Frittata: An Italian omelet that usually has the ingredients mixed with the eggs rather than being folded inside, as with a French omelet. It can be flipped or the top can be finished under a broiling unit. An omelet is cooked quickly over moderately high heat and, after folding, has a flat-sided half-oval shape. A frittata is firmer because it's cooked very slowly over low heat, and round because it isn't folded. (Source: Epicurious.com)

RECIPES

Bocconcini with Peaches

Italians don't really go for fruit in savory dishes, preferring to eat it fresh and whole after the evening meal. Though this combination of mozzarella and peaches may never have shown up on one of my Puglian aunts' tables, I can just hear them saying, "Ahhh, l'Americana" and know they would come to love it although they wouldn't admit it. Fresh peaches are a must, if they're not ripe they obviously won't taste good and they won't come lose from the pit easily. Store any leftover bocconcini in the container you purchased them in, covered in water, I've made this salad on the fly without grilling the peaches, and it is still very good.

INGREDIENTS:
4 ripe peaches, halved, putted and each half cut into three wedges
1 pound of bocconcini, packed in water
20 small basil leaves plus more for garnish
2 medium shallots, finely chopped
1/4 cup of extra virgin olive oil
3 tablespoons balsamic vinegar
Sea salt and freshly ground pepper

METHOD:
Brush a cast-iron stove top grill pan with a little olive oil and heat over high heat.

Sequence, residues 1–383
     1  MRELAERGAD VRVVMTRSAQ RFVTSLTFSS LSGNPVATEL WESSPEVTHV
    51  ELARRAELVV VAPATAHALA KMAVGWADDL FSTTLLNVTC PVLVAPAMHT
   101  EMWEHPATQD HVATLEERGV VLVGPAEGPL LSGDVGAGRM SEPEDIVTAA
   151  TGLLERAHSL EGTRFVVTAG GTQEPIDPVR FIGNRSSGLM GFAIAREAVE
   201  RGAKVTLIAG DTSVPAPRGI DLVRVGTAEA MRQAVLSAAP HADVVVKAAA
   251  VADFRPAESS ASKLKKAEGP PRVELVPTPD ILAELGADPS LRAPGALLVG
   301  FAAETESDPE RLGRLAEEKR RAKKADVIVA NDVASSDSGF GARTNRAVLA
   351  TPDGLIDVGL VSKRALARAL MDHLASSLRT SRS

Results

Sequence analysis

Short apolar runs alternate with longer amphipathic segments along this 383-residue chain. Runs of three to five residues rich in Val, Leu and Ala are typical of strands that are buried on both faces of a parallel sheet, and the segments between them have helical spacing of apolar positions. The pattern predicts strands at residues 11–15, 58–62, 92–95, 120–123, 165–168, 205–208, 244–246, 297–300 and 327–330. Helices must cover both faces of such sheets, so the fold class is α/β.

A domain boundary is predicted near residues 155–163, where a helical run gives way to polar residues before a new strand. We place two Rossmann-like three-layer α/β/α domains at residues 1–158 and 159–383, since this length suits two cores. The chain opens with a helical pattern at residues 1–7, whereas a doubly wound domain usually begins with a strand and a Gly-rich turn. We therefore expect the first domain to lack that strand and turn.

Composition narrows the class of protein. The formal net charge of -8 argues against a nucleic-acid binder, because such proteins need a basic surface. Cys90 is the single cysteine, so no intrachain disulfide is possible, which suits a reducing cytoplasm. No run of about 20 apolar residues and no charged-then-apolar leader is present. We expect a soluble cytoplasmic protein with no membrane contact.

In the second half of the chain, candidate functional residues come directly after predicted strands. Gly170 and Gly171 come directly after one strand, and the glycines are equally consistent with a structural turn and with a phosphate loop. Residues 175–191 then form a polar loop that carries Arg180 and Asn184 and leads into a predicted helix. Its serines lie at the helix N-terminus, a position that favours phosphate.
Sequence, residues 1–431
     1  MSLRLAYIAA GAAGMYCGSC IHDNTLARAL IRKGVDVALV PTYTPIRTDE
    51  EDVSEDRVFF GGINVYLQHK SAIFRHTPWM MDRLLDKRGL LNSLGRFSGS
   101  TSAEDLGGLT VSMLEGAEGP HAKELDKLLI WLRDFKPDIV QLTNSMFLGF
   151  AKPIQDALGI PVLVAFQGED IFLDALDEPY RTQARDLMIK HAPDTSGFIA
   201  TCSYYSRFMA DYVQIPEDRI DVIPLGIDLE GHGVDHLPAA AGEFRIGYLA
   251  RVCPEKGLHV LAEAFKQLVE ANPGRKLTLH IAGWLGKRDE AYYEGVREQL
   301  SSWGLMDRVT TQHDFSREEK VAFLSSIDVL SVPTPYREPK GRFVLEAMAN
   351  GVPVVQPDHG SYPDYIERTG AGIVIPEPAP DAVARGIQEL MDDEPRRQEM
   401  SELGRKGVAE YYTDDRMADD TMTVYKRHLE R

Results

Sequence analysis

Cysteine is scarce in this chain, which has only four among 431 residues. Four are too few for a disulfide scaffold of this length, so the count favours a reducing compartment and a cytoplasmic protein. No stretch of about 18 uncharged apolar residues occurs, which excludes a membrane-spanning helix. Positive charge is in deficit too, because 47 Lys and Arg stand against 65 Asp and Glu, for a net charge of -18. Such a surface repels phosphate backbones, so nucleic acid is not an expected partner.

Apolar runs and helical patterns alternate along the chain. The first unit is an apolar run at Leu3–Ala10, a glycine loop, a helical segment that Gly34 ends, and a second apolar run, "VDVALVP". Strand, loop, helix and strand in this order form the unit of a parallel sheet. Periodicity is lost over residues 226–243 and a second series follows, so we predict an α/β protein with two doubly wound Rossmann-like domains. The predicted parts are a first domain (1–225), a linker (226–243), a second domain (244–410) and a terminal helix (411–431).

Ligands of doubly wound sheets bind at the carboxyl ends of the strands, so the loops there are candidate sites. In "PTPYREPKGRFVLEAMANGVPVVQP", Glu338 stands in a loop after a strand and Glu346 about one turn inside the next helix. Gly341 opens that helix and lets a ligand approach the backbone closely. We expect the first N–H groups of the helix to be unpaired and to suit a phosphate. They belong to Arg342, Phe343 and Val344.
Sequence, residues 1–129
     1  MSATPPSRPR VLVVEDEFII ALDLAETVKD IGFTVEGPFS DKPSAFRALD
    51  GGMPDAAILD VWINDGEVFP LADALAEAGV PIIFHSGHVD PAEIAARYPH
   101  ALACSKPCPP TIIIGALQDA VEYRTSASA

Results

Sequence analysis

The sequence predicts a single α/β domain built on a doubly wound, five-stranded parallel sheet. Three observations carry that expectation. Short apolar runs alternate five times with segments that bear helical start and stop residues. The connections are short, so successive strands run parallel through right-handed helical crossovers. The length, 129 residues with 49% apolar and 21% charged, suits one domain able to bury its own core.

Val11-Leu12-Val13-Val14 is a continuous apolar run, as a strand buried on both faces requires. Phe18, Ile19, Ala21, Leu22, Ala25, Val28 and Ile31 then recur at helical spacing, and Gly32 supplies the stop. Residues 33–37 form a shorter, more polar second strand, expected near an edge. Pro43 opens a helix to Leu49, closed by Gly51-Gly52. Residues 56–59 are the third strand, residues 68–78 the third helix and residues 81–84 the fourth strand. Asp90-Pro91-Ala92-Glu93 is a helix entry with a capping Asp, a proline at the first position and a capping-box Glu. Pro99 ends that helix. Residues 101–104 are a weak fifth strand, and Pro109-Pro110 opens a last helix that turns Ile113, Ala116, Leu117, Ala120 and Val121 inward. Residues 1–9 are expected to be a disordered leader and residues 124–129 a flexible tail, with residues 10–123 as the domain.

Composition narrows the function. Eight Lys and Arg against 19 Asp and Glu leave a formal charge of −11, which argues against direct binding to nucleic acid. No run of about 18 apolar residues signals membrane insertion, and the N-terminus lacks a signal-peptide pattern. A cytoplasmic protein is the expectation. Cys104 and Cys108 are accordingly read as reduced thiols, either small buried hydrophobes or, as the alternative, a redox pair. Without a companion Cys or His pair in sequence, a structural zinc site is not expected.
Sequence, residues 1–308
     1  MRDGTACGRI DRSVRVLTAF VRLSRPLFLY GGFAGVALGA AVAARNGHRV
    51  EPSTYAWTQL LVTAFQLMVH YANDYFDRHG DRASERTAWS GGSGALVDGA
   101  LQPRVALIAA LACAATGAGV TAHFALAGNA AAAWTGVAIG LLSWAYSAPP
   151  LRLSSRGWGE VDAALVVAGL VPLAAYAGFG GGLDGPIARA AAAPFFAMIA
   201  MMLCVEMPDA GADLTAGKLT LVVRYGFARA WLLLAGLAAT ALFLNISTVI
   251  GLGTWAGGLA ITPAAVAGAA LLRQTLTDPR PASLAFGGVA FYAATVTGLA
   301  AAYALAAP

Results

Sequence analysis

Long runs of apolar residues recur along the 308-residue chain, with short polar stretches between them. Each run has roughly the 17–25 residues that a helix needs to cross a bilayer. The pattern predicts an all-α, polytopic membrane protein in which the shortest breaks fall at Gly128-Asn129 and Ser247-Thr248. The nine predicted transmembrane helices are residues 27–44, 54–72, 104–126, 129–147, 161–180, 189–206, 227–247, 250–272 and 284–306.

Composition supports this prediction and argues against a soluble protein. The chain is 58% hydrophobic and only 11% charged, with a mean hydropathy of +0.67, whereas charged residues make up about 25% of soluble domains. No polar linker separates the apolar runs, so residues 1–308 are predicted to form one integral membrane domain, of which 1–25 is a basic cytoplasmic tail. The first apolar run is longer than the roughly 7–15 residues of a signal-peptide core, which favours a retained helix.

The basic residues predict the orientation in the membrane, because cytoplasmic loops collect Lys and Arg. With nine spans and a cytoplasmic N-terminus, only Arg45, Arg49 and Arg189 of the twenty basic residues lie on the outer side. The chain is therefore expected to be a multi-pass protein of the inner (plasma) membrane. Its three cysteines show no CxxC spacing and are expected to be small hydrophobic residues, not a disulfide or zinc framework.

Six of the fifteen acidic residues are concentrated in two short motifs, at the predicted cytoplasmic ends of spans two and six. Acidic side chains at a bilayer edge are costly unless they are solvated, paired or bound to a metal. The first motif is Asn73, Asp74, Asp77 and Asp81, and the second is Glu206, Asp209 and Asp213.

Grill the peach wedges about 2 to 3 minutes per side, until nicely charred. Transfer them to a large bowl and add the bocconcini, basil, shallots, olive oil and vinegar. Toss gently until everything is well coated. Season with salt and pepper and set aside at room temperature for 15 minutes. Divide among salad plates or transfer to a rimmed platter. Garnish with basil leaves and serve.

TO SEE MORE OF DONATELLA'S RECIPES, GO TO PAGE 2.

Cherry Tomato, Mint, Asparagus, and Gruyere Frittata

In Italy, frittatas are typically eaten at the lighter evening meal (lunch is the main meal of the day), but I find they are perfectly appropriate for brunch, picnics, lunch or dinner American style-even cut into small bites for hors d'oevres. Humble as it may seem, this mixture of eggs, vegetables, and cheese puffs up soufflé style thanks to the addition of beaten egg whites, to bring a little drama to the table.

INGREDIENTS:
8 extra large eggs
1/2 cup of light cream
1/2 cup of grated Parmigiano-Reggiano
1/2 cup of grated Gruyere
1/2 cup basil leaves, torn into bite sized pieces plus a few sprigs for garnish
1/2 cup mint leaves, torn into bite sized pieces Kosher salt and freshly ground pepper
2 tablespoons of extra virgin olive oil
1/2 pound of slender asparagus, ends trimmed, chopped into 1/2" pieces
1 pint of cherry tomatoes, halved lengthwise

METHOD:
Preheat the oven to 425 degrees F with a rack in the center.